Countertransference disclosure in trainee psychotherapists: implications for supervisory learning.
Berger, Karen Lee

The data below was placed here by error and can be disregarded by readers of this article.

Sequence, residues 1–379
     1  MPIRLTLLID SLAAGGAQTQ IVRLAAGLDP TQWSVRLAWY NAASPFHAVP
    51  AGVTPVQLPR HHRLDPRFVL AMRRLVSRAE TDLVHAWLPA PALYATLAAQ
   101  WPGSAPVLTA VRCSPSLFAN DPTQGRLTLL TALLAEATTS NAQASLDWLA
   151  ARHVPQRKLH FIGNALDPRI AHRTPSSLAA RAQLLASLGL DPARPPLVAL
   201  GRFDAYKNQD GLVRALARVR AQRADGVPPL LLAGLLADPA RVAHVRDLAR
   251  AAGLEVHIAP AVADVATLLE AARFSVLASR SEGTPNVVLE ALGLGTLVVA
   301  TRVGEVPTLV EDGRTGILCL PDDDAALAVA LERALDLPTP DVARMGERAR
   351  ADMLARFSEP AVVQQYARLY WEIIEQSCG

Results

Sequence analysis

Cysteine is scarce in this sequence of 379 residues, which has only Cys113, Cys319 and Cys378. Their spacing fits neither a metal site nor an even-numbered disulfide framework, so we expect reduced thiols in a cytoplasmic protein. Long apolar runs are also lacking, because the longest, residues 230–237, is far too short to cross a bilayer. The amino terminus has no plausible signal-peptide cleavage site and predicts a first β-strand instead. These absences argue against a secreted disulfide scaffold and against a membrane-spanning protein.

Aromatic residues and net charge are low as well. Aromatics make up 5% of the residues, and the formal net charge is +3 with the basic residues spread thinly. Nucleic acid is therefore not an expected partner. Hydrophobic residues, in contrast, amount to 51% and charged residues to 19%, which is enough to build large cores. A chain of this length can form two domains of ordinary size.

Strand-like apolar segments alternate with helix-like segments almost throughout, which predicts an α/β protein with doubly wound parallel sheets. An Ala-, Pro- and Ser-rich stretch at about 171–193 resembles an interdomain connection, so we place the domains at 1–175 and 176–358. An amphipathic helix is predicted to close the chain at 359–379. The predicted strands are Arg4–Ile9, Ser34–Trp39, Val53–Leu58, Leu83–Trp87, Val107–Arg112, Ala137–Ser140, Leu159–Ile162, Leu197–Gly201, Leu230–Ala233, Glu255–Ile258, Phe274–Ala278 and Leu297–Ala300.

This study investigates a specific aspect of the supervisory alliance between trainee psychotherapists and their supervisors: the phenomenon of countertransference disclosure. The study explores the emotionally conflicting role in which supervisees are placed, as they are required to appear capable for their patients and for assessment purposes, whilst still admitting to professional ignorance to their supervisors for educational purposes. Supervisees are required to disclose their countertransference reactions to their patients in the presentation of case material, as well as their emotional reactions to their supervisors within the supervision context. A questionnaire developed by the researcher was answered by fifteen past university students who completed the Clinical Master’s psychology course provided by the University of the Witwatersrand (Wits) between the years 2005-2007. Thematic content analysis was conducted in order to analyse the data. The results showed that supervisees chose to fully disclose, selectively disclose or completely withhold such information. All fifteen participants acknowledged that the strength of the supervisory alliance was the main contributing factor to disclosure or nondisclosure of information. The participants who experienced weak alliances with their supervisors felt that their psychotherapy training was compromised and their potential as training psychotherapists was not fulfilled. It is important that supervisors are cognisant of the fact that supervisees are less likely to disclose information if they do not feel secure in their alliance, which, from the supervisees’ perspectives will negatively impact upon their training.